Why are there two red men?

One of the things that I’ve always wondered about in Germany, is why some pedestrian crossings – eg. in Nordrhein Westfalen – have two red men on them:

Pedestrian traffic lights in Cologne

Pedestrian traffic lights in Cologne

I have two theories:

1. It reinforces the red light by having two.  If one stops working, the other one should still light up.

2. It’s cheaper because the towns only need to buy one type of light and then use different filters on them, rather than buying 3-lamp and 2-lamp lights.  Surely it must use more energy, though?

Does anyone know the answer?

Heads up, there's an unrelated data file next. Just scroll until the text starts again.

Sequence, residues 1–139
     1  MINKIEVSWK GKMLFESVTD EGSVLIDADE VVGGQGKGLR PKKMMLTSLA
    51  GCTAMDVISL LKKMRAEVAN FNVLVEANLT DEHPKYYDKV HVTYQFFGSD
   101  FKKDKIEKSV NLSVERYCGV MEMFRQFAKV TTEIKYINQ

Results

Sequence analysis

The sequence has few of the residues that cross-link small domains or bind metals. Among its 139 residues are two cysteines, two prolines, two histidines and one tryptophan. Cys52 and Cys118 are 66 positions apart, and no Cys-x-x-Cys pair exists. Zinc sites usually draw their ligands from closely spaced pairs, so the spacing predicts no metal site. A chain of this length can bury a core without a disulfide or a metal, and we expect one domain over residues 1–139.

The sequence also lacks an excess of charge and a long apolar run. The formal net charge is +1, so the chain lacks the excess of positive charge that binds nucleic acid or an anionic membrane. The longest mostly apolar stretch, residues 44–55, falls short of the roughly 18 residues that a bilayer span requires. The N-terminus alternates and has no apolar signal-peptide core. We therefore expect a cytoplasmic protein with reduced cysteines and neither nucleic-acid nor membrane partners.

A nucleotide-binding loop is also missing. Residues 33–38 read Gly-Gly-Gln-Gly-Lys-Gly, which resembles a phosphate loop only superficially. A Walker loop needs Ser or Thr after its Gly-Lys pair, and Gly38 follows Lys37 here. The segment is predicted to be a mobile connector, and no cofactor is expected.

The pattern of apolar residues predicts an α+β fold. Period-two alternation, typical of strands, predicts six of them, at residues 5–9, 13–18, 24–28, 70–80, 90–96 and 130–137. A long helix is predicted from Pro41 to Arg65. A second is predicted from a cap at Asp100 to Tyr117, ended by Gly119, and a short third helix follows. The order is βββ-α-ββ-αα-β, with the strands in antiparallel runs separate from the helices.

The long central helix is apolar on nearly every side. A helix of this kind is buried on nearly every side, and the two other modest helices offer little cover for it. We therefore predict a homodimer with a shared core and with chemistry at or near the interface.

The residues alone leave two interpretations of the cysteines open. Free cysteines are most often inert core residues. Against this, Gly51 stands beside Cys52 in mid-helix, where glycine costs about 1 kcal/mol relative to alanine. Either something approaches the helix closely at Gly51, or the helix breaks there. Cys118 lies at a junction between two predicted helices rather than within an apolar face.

33° in Oberursel today

Holzweg, Oberursel

A confusing sign for Cyclists

Here’s a confusing sign of you’re a cyclist:

Confusing sign for Cyclists

1. This is part of a marked out cycle route – recognisable by the green bicycle with the arrow.

2. But it’s for pedestrians only – see the white mother and child on a blue background.

3. So cyclists should dismount – “Radfahrer absteigen”

4. Oh, and it’s private property anyway – “Privatgrundstück”, but you can still push your bicycle across it at your own risk – “Betreten auf eigene Gefahr!”.

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